I wanted to know whether a chat AI like ChatGPT would help my students and me improve scientific writing (not every Ph.D. student is born with superior language skills). So I asked.
I then gave it a simple paragraph from a recent paper of ours that could have been written better, and lo and behold, the AI answered and improved the writing.
If we take OpenAI / ChatGPT at face value, we should be allowed to use such rewritten paragraphs (or larger texts) in scientific publications, at least from a copyright perspective. (Whether this will hold in the courts, is a different question, and I guess OpenAI will join Microsoft as a defendant sooner or later.)
Morally, this is a different question. However, given the support Grammarly has been receiving, and given that copyeditors don’t show up as authors, I suspect acknowledging help from a chat AI in an article’s acknowledgment section will be sufficient and won’t derail an article submitted for publication.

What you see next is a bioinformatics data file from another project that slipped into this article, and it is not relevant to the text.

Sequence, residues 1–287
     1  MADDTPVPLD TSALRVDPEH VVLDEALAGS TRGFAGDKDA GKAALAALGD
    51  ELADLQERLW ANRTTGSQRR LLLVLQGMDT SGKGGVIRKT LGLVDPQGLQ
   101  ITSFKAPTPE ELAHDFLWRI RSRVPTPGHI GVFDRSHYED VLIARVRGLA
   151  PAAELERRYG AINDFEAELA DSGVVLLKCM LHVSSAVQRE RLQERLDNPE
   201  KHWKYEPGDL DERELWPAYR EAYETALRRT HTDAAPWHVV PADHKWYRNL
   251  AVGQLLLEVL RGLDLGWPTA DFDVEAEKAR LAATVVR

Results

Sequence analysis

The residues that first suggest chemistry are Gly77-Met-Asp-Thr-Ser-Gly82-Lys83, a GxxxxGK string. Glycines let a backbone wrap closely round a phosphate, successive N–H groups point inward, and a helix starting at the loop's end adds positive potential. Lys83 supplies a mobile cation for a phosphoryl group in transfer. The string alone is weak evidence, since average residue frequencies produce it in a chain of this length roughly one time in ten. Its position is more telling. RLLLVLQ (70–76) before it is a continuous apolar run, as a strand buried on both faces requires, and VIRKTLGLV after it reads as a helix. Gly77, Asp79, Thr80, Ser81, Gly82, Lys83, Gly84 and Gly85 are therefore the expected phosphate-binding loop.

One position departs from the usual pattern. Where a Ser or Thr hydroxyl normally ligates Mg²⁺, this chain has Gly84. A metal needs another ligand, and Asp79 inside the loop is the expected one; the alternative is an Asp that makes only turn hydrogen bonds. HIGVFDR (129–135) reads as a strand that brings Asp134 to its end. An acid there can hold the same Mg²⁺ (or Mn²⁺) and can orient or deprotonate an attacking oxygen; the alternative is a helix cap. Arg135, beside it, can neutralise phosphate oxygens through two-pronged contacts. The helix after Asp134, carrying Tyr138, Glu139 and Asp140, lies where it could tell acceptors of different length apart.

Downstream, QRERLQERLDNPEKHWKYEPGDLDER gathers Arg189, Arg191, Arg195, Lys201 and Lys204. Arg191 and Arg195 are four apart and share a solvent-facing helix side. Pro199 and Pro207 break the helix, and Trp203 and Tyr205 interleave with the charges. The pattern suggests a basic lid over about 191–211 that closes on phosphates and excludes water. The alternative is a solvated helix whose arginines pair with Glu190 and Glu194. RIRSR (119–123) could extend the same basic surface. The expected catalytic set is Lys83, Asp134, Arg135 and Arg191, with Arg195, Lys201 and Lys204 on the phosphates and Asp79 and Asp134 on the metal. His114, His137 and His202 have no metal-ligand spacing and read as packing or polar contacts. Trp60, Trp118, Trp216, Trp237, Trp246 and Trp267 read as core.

There is one more consequence to ponder: I liked the AIs rewritten paragraph better than the original. The rewritten paragraph uses active voice and flows much better. I suspect that a broad use of chat AIs or simply large language models in more specialized tooling will make writing more homogeneous.
Yay! to less incomprehensible passive voice, but Nay! to the lack of diversity in writing.
So again (see previous post), we are at the verge of having to learn new tools and how they can propel our abilities forward as assisting tools. Those who can’t handle such heavy machinery well are likely to fall behind and those who can will find their powers augmented significantly.